Worldwide, cases of individuals receiving notifications for illegally downloading films and music are common. During the pandemic, with people staying more at home and the number of streaming services growing, P2P sharing technologies such as torrenting have again grown in popularity.
Along with it, there’s also been a growth of notifications sent by copyright trolls seeking to get money from users who, in fear, end up not seeking their rights and paying immediately what these trolls demand. In many cases users are wrongly notified, IPs are poorly identified or in many cases it is virtually impossible to know exactly who actually downloaded the files illegally.
The use of P2P sharing apps, such as those using the Torrent protocol, is not illegal – as in sharing personal files or files not protected by copyright. The situation becomes more complicated when file sharing of copyrighted material takes place.
“There is no doubt that under US copyright law, sharing copyrighted works without the permission of the copyright owner is illegal,” says Mathew Sag, Georgia Reithal Professor of Law at Loyola University of Chicago School.
Sag adds that “United States copyright law provides copyright owners with the option of statutory damages, and these damages can range from a minimum of $750 to an astounding maximum of $150,000 and it also allows for a successful copyright plaintiff to be reimbursed for their reasonable litigation expenses.”
All of this, says Sag, “give[s] enormous ammunition to plaintiffs in file sharing cases to demand comparatively high settlements for comparatively minimal alleged infringement.” And this gives rise to what many have called Copyright Trolls, “actors that make a business out of copyright enforcement,” explains Cara Gagliano, Staff Attorney at the Electronic Frontier Foundation.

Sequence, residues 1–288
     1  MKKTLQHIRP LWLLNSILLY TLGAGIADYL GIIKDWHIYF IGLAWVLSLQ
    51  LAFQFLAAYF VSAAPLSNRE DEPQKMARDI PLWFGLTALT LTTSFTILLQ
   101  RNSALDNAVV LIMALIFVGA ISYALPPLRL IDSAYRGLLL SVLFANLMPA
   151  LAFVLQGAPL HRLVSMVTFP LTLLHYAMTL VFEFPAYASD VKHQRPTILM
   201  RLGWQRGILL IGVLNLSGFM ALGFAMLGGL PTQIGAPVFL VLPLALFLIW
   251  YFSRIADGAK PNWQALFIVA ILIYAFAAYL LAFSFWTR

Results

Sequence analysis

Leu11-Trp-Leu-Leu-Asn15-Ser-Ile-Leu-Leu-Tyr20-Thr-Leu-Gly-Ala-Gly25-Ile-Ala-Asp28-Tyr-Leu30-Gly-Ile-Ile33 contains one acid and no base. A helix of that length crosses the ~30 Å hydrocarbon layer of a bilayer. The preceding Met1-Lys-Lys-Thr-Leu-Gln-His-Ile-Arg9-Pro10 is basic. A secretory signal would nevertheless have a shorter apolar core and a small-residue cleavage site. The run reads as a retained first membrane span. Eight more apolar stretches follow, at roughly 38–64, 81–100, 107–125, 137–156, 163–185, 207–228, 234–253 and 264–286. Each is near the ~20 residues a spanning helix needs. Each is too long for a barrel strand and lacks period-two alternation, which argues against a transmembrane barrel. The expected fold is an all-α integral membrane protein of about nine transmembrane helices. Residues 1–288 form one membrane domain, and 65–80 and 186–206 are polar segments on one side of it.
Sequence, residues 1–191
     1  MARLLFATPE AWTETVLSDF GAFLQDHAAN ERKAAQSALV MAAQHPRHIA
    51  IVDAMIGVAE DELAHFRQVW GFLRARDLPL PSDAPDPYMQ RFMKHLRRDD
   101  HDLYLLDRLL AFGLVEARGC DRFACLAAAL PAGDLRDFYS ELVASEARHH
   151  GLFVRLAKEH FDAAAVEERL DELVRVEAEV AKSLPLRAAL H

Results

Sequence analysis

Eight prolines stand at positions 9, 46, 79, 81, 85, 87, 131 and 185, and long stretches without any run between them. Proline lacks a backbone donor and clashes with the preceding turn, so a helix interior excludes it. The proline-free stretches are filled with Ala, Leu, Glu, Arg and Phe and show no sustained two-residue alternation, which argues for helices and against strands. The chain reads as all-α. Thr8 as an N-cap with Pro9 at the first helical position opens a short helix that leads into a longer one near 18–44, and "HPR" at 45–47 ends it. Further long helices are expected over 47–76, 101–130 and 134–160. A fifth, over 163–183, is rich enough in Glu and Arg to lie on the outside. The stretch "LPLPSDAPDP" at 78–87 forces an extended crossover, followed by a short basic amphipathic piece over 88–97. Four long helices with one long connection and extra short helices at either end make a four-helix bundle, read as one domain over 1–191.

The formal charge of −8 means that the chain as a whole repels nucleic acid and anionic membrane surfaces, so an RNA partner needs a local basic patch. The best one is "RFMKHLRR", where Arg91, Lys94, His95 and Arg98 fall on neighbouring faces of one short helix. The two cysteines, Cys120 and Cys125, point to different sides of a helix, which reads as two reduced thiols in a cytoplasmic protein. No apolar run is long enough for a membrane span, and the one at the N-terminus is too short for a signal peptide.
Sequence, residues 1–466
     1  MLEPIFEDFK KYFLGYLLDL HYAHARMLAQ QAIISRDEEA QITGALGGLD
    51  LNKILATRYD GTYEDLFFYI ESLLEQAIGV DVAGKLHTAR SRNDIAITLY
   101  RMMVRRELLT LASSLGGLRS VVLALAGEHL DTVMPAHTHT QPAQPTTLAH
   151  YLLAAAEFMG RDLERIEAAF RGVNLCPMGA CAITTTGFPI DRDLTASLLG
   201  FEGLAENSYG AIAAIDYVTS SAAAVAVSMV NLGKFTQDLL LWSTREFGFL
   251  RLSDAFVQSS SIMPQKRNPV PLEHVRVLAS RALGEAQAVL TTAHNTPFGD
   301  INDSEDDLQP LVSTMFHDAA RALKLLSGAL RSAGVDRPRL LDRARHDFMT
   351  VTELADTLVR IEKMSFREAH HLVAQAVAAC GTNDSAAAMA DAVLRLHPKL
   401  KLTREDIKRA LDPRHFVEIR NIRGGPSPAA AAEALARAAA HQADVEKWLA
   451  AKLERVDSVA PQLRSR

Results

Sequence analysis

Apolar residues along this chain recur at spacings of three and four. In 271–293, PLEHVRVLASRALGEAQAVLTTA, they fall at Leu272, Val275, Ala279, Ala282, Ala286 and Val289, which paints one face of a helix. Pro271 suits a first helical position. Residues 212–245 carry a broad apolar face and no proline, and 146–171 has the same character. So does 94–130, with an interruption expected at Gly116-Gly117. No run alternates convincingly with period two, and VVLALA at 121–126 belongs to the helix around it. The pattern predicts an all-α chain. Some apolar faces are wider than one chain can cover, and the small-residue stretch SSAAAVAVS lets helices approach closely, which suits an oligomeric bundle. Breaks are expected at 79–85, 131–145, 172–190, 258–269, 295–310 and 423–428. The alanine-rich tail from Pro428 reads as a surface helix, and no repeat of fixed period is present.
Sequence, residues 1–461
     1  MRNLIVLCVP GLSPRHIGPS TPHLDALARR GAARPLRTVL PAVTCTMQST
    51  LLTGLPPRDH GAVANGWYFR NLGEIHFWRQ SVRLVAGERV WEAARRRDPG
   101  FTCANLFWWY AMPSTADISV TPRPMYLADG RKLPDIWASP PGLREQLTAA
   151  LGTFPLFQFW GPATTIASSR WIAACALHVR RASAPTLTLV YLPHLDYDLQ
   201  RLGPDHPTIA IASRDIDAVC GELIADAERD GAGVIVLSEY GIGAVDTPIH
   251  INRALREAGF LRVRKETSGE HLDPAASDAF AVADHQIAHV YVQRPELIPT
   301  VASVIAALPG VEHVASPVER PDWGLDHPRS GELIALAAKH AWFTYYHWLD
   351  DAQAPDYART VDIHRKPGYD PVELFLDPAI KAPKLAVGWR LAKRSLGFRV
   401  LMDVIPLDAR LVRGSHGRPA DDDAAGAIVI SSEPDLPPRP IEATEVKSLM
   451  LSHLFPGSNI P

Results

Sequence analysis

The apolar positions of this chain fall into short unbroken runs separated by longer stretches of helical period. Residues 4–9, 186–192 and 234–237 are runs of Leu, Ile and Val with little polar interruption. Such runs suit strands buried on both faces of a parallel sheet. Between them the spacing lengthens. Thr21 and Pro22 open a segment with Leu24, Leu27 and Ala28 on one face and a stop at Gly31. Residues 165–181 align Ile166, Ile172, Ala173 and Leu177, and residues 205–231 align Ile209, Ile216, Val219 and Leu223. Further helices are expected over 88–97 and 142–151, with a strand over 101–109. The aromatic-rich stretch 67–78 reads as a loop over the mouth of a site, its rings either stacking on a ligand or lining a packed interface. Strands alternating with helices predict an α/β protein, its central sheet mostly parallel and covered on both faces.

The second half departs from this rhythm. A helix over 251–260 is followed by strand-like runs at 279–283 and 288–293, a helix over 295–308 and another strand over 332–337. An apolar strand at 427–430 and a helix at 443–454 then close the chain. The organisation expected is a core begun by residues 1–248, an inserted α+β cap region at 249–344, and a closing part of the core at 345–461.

“A key difference between copyright trolls and other rights holders is that trolls actually want people to infringe the copyrights they hold, because that’s how they make their money—they typically aren’t the content creators themselves,” Gagliano explains.
And Farzaneh Badii, Executive Director of the Internet Governance Project at Georgia Tech in Atlanta, agrees, saying that the “rationale behind their actions is to generate revenue. They use and lobby for laws they can make profit from and the positive effect of these laws and harsh enforcement on the society is unfounded and mostly anecdotal.”
Issues with identification
A big problem involved in the Copyright Troll’s actions and lawsuits is that it is hard to identify one specific user who has actually downloaded copyrighted material. This leads to awkward cases such as when RIAA sued a 66-year-old grandmother, Sarah Seabury Ward of Massachusetts, for illegally downloading over 2,000 songs in 2002. But her computer, a Macintosh, was not even compatible with the program she was accused of using, Kazaa.
More recently, in 2019, a retired police officer in his 70’s was falsely accused of sharing several adult films using BitTorrent after his IP address was wrongly identified. In Brazil, over 70,000 people have received out-of-court settlements demanding compensation last year for downloading three blockbuster movies. And in Sweden, also last year, 42,800 people were targeted by copyright trolls for allegedly sharing files through torrent.
“An IP address alone can’t tell you who downloaded a specific file, which is not necessarily the Internet subscriber to whom that IP address is registered. Any number of people (e.g., family members, roommates, guests) can access the Internet from the same IP address, not to mention the fact that IP addresses can be spoofed,” explains Gagliano
In other words, says Omar Kaminski, a lawyer specializing in digital law, “there are situations in which an IP leads to a machine at a certain time and place, but there is no record of who used the machine.”